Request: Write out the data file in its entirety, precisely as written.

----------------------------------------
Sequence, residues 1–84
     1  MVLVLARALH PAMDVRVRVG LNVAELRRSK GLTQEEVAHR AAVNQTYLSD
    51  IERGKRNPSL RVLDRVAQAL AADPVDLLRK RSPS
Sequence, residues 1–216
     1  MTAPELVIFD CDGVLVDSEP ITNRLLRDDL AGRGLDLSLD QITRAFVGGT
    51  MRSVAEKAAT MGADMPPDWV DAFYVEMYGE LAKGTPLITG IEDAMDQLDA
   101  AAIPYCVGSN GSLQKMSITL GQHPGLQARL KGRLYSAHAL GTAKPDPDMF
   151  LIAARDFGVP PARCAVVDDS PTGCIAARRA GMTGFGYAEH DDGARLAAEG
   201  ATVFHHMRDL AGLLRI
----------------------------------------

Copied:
Sequence, residues 1–84
     1  MVLVLARALH PAMDVRVRVG LNVAELRRSK GLTQEEVAHR AAVNQTYLSD
    51  IERGKRNPSL RVLDRVAQAL AADPVDLLRK RSPS
Sequence, residues 1–216
     1  MTAPELVIFD CDGVLVDSEP ITNRLLRDDL AGRGLDLSLD QITRAFVGGT
    51  MRSVAEKAAT MGADMPPDWV DAFYVEMYGE LAKGTPLITG IEDAMDQLDA
   101  AAIPYCVGSN GSLQKMSITL GQHPGLQARL KGRLYSAHAL GTAKPDPDMF
   151  LIAARDFGVP PARCAVVDDS PTGCIAARRA GMTGFGYAEH DDGARLAAEG
   201  ATVFHHMRDL AGLLRI